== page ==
THE COMEBACK COWGIRL
Cervi returned to rodeo in 2003 atop MP Meter My Hay (Stingray) a palomino mare she raised from a foal. Although Cervi continued to qualify for the NFR in 2003, 2005 and 2006, she didn’t strike gold again until 2009, when she took the NFR average title aboard Stingray. Cervi was back in 2010 and 2011, and struck gold again with the world title and NFR average in 2013.
“You can hear the announcer as you are running up the alleyway,” says Cervi. “A good run in the Thomas & Mack is thirteen seconds, and I heard him say fourteen seconds. I didn’t know what anybody else [her barrel-racing competitors] had been doing, but I knew I got around the barrels, and I knew I won the average and the world championship.”
Sherry won three rounds and cashed a check in every single round—only the fifth time in PRCA history a barrel racer had accomplished that—and the first since Kristie Peterson back in 1997.
Sherry recently tied the knot with 11-time NFR Team Roping Heeler, Cory Petska, in a ceremony on September 21, and heads back to Vegas as an NFR power couple with even more determination.
COWGIRL sat down with Cervi at her Marana ranch to get a personal look into the mind and heart of America’s top barrel racer.
COWGIRL: What advice can you offer someone who desires to become a successful barrel racer for the long haul?
SHERRY CERVI: For the long haul it’s going to take a lot of work and it’s definitely not going to be easy. Remember your goals and know there’s going to be big bumps in the road. You have to stay focused, keep trying and work hard. I truly believe if you work hard it will pay off in the end.
CG: What was it like the first time you competed in front of tens of thousands of rodeo fans in the Thomas and Mack?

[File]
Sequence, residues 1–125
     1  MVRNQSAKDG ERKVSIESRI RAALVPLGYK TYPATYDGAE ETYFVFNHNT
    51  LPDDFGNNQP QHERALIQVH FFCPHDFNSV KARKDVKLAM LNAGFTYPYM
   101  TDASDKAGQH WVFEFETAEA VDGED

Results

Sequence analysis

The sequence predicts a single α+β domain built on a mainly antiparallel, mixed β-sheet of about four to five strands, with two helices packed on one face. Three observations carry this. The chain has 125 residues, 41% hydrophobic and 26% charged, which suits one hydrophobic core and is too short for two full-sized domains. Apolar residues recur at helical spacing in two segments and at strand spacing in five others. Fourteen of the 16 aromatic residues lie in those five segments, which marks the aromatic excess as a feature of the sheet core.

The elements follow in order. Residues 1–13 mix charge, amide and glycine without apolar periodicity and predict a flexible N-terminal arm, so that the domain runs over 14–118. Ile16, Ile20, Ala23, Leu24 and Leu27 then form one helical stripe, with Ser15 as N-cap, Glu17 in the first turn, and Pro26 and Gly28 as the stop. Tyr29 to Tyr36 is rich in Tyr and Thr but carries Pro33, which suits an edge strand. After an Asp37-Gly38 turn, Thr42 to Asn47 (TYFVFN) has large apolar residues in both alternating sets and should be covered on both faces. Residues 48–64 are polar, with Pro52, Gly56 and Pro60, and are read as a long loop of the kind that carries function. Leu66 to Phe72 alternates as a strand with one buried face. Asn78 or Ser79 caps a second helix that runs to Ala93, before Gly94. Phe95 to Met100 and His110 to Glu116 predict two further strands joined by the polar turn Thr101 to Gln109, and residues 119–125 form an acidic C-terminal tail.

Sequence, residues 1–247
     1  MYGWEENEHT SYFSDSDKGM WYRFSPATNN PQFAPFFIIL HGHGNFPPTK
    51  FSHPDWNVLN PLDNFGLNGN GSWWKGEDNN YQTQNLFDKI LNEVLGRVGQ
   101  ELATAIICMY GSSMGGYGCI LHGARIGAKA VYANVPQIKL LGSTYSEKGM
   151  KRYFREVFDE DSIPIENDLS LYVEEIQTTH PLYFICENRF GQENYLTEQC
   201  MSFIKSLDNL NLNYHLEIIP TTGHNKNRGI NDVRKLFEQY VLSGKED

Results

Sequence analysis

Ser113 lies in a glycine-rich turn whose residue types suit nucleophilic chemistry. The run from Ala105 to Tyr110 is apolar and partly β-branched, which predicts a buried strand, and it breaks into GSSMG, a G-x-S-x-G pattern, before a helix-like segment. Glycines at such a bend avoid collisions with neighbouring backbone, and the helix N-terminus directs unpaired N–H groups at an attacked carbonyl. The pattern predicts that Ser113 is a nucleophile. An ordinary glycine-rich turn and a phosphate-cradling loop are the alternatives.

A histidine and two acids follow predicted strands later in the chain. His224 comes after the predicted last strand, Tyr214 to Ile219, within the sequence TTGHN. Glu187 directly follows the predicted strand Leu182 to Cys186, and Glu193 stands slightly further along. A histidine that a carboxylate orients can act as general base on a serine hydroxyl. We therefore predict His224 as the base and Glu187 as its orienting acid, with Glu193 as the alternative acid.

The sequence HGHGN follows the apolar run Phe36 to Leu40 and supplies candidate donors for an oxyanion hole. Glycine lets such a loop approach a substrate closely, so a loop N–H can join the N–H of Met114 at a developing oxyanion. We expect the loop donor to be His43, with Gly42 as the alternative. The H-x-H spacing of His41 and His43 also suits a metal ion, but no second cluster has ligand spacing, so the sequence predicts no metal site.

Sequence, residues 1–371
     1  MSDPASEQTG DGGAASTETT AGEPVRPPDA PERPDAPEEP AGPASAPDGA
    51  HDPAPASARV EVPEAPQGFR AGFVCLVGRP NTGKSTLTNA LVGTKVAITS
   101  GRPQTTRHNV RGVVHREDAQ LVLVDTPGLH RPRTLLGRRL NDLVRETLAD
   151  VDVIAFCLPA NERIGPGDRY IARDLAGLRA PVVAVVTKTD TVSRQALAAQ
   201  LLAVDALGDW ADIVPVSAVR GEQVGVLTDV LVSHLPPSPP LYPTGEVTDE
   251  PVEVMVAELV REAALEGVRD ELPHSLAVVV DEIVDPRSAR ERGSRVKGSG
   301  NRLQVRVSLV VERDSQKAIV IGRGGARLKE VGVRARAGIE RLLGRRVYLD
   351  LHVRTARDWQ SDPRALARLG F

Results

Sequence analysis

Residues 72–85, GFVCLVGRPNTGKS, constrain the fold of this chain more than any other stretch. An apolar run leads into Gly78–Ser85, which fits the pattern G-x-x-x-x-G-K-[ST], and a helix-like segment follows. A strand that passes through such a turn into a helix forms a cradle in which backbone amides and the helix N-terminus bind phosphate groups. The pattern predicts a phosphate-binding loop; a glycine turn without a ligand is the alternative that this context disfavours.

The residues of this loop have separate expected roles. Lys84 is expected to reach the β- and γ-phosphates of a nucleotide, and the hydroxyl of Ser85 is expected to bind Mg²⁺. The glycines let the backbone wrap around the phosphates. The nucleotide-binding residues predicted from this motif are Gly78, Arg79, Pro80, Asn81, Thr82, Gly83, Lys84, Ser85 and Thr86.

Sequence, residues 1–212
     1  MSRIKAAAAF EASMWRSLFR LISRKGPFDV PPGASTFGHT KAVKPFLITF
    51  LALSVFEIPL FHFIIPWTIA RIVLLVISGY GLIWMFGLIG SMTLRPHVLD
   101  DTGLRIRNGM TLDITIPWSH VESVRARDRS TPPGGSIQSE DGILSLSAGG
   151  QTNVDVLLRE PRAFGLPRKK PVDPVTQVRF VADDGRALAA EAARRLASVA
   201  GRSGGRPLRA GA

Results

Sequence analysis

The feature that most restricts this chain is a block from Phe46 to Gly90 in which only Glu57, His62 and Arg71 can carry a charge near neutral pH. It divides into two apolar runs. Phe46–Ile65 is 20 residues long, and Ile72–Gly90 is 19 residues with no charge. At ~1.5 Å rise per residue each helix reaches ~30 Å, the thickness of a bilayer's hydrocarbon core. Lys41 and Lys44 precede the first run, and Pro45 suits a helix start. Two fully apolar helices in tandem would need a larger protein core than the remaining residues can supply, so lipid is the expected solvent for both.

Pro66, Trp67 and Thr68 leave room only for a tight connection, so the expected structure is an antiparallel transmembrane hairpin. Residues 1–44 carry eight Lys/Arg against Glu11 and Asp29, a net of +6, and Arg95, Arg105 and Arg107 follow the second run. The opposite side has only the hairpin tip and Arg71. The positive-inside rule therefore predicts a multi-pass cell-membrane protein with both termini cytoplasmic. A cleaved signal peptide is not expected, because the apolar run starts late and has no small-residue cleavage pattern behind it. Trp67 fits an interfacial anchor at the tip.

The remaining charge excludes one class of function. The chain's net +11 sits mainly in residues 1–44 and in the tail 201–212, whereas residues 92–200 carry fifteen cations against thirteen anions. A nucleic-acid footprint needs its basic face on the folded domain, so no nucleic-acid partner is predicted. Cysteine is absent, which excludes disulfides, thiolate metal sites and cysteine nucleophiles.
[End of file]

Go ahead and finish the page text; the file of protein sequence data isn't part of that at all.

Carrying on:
SC: It was definitely a big adrenaline rush. This is going to be my seventeenth time there and it’s still an amazing feeling. I still get that adrenaline rush. You have to focus on what you are supposed to do and not worry about how many people are watching, but you can definitely hear the people in Las Vegas.
CG: What makes a great barrel racer?
SC: I think what makes a great barrel racer is a great horse. I would not be where I am in my career without great horses. I’ve made it to the finals on five different horses. You can be a good rider and a good competitor and have all the skills, but you have to have that horse to get you to that point.
CG: What makes a great barrel horse?
SC:I think your horse has to have a lot of heart. They’ve got to be able to compete under a lot of different circumstances. Rodeo doesn’t care about the weather; rain or shine they’re going to go on. [The horses] have to be able to handle the pressure, all types of ground, all different sizes of patterns and they’ve got to like their job. Those horses that got me gold buckles all had a lot of heart and loved their job. They had different styles, but knew their job, loved it and gave me 110 percent every time.
CG: Which was your favorite horse?
SC: It’s like picking your favorite kid. You just don’t do it. They all had their unique qualities that made them great. Stingray may be just a little more special because my mom and dad raised her. We stand her dad [PC Frenchmans Hayday] as a stud and I got to see her be born and go through all the stages to get her to this point, but I love all of them.
CG: What is the singular achievement in your professional life that is most important to you?